Autoantibodies against citrullinated protein Ags (ACPA) are associated with the development of rheumatoid arthritis (RA). This immune response against citrullinated protein Ags, which is thought to be facilitated by certain MHC HLA-DR alleles, is highly specific for this disease and has been speculated to be involved in the pathogenesis. We have previously studied cultures of B cells for the production of Abs against HLA Ags. The aim of the current study was to examine the role of B cells in the production of ACPA in patients with RA. Peripheral blood B cells from RA patients and healthy people were cultured with EL4-B5, a murine cell line expressing human CD40L, and with T cell factors to stimulate the in vitro production of Abs by B cells isolated from peripheral blood. ACPA were produced by cultured B cells from RA patients, as determined by reactivity to cyclic citrullinated peptide (CCP). The results showed that 22% of the healthy persons tested also had B cells that could produce ACPA. Patients with HLA-DR alleles carrying the RA-associated shared epitope appeared to have more B cells with autoimmune potential for CCP than those without such HLA alleles (odds ratio 8.1, p = 0.001). In healthy individuals, anti-CCP-producing B cells were also observed more frequently if the RA-associated MHC genes were present (odds ratio 8.0, p = 0.01). Analysis of B cells in cultures may shed light on the interaction of genetic and environmental factors in the development of RA.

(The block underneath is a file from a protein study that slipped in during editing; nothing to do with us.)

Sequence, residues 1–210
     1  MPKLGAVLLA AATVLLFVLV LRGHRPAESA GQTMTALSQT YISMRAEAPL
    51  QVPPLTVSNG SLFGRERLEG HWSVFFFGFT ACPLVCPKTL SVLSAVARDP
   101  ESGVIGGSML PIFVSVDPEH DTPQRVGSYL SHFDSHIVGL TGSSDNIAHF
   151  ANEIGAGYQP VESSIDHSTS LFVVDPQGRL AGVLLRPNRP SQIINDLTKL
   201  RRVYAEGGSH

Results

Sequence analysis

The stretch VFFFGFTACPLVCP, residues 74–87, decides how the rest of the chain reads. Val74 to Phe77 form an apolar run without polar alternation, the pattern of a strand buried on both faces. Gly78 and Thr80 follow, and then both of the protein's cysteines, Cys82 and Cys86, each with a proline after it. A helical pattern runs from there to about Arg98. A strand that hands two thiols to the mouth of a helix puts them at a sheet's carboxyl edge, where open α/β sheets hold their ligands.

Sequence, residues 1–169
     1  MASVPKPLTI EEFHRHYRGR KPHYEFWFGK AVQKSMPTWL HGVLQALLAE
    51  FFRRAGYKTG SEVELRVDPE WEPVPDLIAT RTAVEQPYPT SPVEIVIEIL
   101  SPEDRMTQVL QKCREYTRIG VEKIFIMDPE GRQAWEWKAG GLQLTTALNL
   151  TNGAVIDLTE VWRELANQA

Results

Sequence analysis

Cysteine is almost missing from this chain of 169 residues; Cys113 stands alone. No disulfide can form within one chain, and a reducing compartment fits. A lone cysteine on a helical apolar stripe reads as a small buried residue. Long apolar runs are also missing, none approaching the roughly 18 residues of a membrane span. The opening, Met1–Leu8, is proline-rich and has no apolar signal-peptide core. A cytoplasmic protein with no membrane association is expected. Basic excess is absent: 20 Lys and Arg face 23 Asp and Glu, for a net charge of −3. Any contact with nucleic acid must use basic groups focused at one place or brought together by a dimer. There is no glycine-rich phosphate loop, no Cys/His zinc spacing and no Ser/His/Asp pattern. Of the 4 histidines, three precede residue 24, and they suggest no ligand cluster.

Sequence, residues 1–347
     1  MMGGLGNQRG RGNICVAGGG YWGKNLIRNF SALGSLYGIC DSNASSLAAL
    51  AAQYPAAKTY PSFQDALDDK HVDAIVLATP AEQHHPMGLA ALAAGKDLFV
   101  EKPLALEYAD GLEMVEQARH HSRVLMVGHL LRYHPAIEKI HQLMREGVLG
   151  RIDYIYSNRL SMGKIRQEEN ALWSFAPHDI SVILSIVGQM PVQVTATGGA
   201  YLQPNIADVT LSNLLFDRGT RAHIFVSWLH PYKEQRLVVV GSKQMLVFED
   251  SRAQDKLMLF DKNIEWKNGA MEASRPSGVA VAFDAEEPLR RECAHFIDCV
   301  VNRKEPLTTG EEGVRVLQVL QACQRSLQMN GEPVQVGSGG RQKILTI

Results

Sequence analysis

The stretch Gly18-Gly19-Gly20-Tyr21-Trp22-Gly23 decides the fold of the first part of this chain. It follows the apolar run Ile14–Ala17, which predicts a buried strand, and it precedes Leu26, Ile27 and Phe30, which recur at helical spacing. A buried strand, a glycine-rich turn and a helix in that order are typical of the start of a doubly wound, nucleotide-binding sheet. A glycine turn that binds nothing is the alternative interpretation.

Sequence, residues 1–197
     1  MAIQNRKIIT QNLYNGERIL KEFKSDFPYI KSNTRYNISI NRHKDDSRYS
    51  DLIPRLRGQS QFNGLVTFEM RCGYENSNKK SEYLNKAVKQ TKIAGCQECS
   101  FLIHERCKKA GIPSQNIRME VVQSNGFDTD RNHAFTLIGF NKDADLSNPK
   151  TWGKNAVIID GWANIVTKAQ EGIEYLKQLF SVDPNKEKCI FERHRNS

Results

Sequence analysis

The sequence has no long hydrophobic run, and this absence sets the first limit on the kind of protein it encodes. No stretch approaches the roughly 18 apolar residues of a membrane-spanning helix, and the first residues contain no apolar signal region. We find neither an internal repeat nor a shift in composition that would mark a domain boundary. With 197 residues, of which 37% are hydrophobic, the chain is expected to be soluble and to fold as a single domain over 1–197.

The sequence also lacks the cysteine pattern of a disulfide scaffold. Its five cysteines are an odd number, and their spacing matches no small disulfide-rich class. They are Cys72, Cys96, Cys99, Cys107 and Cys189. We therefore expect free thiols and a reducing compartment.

ASJC Scopus subject areas
- Immunology and Allergy